terranean diet, including a reduced risk of
heart disease, diabetes, cancer, Parkinson¡¯s
and Alzheimer¡¯s diseases. Consider the recent
¡°Prevention with the Mediterranean Diet¡± study,
which showed a 52% reduction in the risk of
diabetes in those following the diet.
A review of close to 200 studies, published
in the April 13, 2009 issue of the Archives of
Internal Medicine, found ¡°strong evidence that
a ¡®Western¡¯ diet - which is high in processed
meats, red meats, butter, eggs, refined grains,
and high-fat dairy products - is associated with
an increased risk of heart disease.
So we could say [to patients]: ¡®You should con-
sume less of those types of foods and gravitate
more toward a ¡°prudent¡± diet or a Mediterra-
nean diet, which are both high in fruits and
vegetables,
legumes, whole
grains, and
fish¡± accord-
ing to senior
author Dr Sonia
Anand.
Overall, the di-
etary pattern is
what needs to
be emphasized
and not sim-
ply good foods
or bad foods.
It¡¯s what the
overall quality
of the diet is.
The Western
diet pattern is
high in saturat-
ed fat, trans-
fat, and choles-
terol, whereas
a Mediterranean diet and ¡®prudent¡¯ diet include
more monounsaturated or polyunsaturated fats,
and there is more fish consumption.
Emphasize the fruits and vegetables and cut out
the sugar.
How you eat is also important.
Taking time to really enjoy meals, slowly and
deliberately, savoring the experience, with friends
and family, is all part of the lifestyle of the Medi-
terranean diet culture.
You don¡¯t have to be in Rome, just bring home
the elements of the Mediterranean diet and enjoy.
(Scott Rollins, MD, is Board Certified with the
American Board of Family Practice and the
American Board of Anti-Aging and Regenerative
Medicine. He specializes in Bioidentical Hormone
Replacement for men and women, thyroid and
adrenal disorders, fibromyalgia, weight loss and
other complex medical conditions. He is founder
and medical director of the Integrative Medicine
Center of Western Colorado (www.imcwc.com)
and Bellezza Laser Aesthetics (www.bellezzalaser.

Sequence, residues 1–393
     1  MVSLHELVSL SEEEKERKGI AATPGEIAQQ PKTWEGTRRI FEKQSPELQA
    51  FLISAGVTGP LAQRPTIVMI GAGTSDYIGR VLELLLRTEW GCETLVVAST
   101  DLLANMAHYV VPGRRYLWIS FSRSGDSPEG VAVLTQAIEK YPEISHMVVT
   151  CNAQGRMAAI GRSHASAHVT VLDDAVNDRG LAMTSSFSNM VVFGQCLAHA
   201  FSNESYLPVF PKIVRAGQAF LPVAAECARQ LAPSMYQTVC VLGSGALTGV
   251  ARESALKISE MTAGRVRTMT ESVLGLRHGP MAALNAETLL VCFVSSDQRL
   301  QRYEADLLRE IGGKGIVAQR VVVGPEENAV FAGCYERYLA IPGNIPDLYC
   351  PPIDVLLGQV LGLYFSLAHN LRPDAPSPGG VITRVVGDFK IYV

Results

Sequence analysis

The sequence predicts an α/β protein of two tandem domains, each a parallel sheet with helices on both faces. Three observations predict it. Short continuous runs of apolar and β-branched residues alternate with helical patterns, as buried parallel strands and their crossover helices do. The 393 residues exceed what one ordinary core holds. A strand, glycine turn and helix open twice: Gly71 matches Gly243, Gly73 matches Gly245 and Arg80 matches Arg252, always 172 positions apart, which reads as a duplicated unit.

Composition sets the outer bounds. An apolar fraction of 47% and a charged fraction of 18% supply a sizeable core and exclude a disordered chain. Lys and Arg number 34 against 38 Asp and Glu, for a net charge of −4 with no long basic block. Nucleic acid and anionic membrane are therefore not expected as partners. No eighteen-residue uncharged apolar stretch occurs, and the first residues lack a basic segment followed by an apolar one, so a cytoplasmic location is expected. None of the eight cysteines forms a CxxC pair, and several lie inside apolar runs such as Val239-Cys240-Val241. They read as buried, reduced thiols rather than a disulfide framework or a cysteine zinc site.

com). Call 970.245.6911 for an appointment or
more information.)
Medicine
In Harmony
by Scott Rollins, M.D.
The Benefits of the Mediterranean Diet
If you¡¯re working on a healthier diet plan,
the Mediterranean diet might be right for
you, by incorporating the basics of healthy
eating, a splash of flavorful olive oil and per-
haps a glass of red wine, among other items
characterizing the traditional cooking style of
countries bordering the Mediterranean Sea.
The traditional Mediterranean diet includes:
*Eating plenty of plant-based foods, such as
fruits and vegetables, whole grains, legumes
and nuts
*Using healthy fats such as olive oil and
canola oil in place of butter and margarine
*Using herbs and spices to flavor foods
instead of salt
*Eating fish and poultry at least twice a
week
*Limiting red meat to no more than a few
times a month
*Drinking red wine in moderation (optional)
Fresh fruits and vegetables are the corner-
stone of the Mediterranean diet, provid-
ing the vital nutrients and disease fighting
anti-oxidants that help keep cancer at bay
and protect our arteries from the oxidized
cholesterol that causes plaque.
The best sources are leafy greens, and
brightly colored red, yellow, orange and pur-
ple veggies, with a recommended amount
of 8-10 servings per day. When able, buy
fresh, seasonal, organic and local.
Whole grain pastas are prominent with
homemade sauces featuring fresh tomatoes,
spices and herbs, with little to no salt.
Bread is typically dipped in olive oil thus
adding heart healthy monounsaturated oils
rather than the artery clogging saturated or
trans-fats found in butter or margarine.
The Mediterranean diet is not a low-fat diet.
What you say? How can it be healthy as
we¡¯ve been brainwashed into thinking fat is
bad!
It depends on the type of fat as saturated
Healthy Sleep Is Not A Luxury